Monday, October 06, 2008

A Post-Apocalyptic Place Strewn With Half-Formed Cities and Bridges

Second Life, one of the online virtual economies, has developed from earlier models such as Norrath, and what made SL unique is that its platform consists of one contiguous reality with streaming architecture that allows for “dynamic, collaborative creation” on a single world, as opposed to many copies operating independently on various servers.

Second Life has so many similar features as does an Earth-based economy: land-scarcity, copyright, labor strikes, monopoly, xenophobia, real wages, deflation, you name it. I have been in-world in SL here and there. Once I gave a tour of SL to a group of college first-years taking a class called "The Post Human Future", which was taught by Paul Loeb. Given that this is an area peculiarly interesting to researchers, especially in economics, I would ask the following questions about Second Life.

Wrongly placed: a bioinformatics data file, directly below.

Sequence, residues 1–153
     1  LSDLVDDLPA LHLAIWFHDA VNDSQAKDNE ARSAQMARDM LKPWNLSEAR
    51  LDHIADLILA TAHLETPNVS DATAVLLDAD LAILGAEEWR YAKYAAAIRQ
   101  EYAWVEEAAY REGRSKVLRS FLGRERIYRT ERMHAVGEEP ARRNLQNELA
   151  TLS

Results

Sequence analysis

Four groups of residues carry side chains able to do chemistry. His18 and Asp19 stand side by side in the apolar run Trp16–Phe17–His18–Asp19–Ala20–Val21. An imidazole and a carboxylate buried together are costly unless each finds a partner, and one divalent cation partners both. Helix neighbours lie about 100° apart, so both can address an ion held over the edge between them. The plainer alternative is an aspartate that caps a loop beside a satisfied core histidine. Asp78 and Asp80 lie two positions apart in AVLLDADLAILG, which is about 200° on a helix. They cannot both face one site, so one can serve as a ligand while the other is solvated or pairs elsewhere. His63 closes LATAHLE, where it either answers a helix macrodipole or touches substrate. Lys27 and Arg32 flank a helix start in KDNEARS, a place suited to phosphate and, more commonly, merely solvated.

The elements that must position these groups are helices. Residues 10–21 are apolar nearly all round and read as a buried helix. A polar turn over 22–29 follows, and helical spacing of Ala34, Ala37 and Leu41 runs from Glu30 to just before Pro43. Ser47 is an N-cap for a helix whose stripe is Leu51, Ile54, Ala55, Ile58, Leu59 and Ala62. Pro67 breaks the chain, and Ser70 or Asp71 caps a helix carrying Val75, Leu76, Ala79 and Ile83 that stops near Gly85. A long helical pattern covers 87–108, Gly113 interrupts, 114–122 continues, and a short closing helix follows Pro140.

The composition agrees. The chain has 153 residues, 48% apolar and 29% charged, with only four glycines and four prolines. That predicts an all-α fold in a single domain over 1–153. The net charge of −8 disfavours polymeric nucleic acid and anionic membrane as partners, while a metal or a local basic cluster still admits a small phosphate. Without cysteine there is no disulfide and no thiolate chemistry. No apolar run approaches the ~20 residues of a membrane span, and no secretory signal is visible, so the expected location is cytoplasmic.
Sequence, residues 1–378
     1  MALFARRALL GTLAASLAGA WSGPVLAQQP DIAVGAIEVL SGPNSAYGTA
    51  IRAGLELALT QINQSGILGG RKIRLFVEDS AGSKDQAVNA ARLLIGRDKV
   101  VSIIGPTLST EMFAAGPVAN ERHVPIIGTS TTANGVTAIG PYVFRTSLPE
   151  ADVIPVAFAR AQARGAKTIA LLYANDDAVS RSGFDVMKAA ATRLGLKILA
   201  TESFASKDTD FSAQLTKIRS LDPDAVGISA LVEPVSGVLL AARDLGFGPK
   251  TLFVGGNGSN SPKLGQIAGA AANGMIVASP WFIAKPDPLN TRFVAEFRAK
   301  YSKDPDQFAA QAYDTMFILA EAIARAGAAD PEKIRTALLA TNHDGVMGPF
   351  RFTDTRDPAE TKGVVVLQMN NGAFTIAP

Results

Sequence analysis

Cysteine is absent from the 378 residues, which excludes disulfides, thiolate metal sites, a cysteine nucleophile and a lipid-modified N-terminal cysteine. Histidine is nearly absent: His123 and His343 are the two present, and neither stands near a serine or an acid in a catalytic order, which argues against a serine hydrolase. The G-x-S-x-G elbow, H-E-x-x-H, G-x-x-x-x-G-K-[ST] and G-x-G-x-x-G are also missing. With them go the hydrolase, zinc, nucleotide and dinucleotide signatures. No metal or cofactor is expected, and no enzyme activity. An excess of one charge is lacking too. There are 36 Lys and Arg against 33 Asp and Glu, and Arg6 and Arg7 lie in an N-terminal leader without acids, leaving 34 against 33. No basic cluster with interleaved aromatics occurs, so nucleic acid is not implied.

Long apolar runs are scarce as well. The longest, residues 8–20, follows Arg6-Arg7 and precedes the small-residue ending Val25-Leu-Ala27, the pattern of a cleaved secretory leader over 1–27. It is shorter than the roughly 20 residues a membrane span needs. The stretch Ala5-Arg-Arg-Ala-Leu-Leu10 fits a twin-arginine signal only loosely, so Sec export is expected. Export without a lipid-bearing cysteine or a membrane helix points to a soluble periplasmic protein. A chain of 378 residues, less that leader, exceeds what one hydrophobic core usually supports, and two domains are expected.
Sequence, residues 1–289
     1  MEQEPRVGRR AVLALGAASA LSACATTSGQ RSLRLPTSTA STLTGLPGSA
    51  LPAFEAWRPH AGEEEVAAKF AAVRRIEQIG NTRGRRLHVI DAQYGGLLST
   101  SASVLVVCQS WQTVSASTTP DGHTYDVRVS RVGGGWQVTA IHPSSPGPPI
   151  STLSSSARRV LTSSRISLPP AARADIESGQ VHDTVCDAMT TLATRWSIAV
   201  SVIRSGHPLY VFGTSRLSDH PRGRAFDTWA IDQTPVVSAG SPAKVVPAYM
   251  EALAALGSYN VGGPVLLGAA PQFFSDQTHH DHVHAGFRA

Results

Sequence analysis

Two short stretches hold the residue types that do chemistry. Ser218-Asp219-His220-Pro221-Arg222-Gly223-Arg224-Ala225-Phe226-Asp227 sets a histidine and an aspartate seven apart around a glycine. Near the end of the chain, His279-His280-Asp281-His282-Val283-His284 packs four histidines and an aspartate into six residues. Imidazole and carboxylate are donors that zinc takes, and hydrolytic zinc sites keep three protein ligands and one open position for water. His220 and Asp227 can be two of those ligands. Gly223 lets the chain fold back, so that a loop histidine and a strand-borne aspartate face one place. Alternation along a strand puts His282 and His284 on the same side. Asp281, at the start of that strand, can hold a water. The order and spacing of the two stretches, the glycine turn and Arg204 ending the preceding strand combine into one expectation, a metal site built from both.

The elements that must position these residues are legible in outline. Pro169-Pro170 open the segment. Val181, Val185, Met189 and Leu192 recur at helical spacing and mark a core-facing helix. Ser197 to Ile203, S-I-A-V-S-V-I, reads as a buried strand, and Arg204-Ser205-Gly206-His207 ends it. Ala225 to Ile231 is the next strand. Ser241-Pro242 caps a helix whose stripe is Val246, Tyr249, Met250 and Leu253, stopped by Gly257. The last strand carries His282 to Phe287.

• People are making insane amounts of money in SL markets. What kinds of barriers to entry exist in the SL market? That is, if you join today, is there are skill set and a knowledge of the market in SL that creates a kind of barrier? Does SL easily lend itself to monopoly market structure?
  • What is the ratio of users with net profits to those with net losses? Are most users making money, or are some just in it for the fun and therefore losing money? Does that effect peoples' decision to join or not to join?
  • SL is sometimes a very baron place. But it seems that no matter what island you are on there is always something being advertised. Is this kind of advertising particularly effective? What kind of research has been done to show that it is or isn't?
  • Because Second Life has been remarkably more successful than other virtual worlds of its kind, what can we attribute to that? Someone has probably suggested before that Second Life has property rights in a way that no other virtual economy did before it. Second Life could be the perfect experiment for how studying how effective property rights in capitalism is. On the other hand Second Life is not as much fun as other worlds, so does this mean capitalism is not very fun? etc.

Currently reading:

Ondrejka, Cory. Aviators, Moguls, Fashionistas and Barons: Economics and Ownership in Second Life. Social Science Research Network: 2004.

No comments: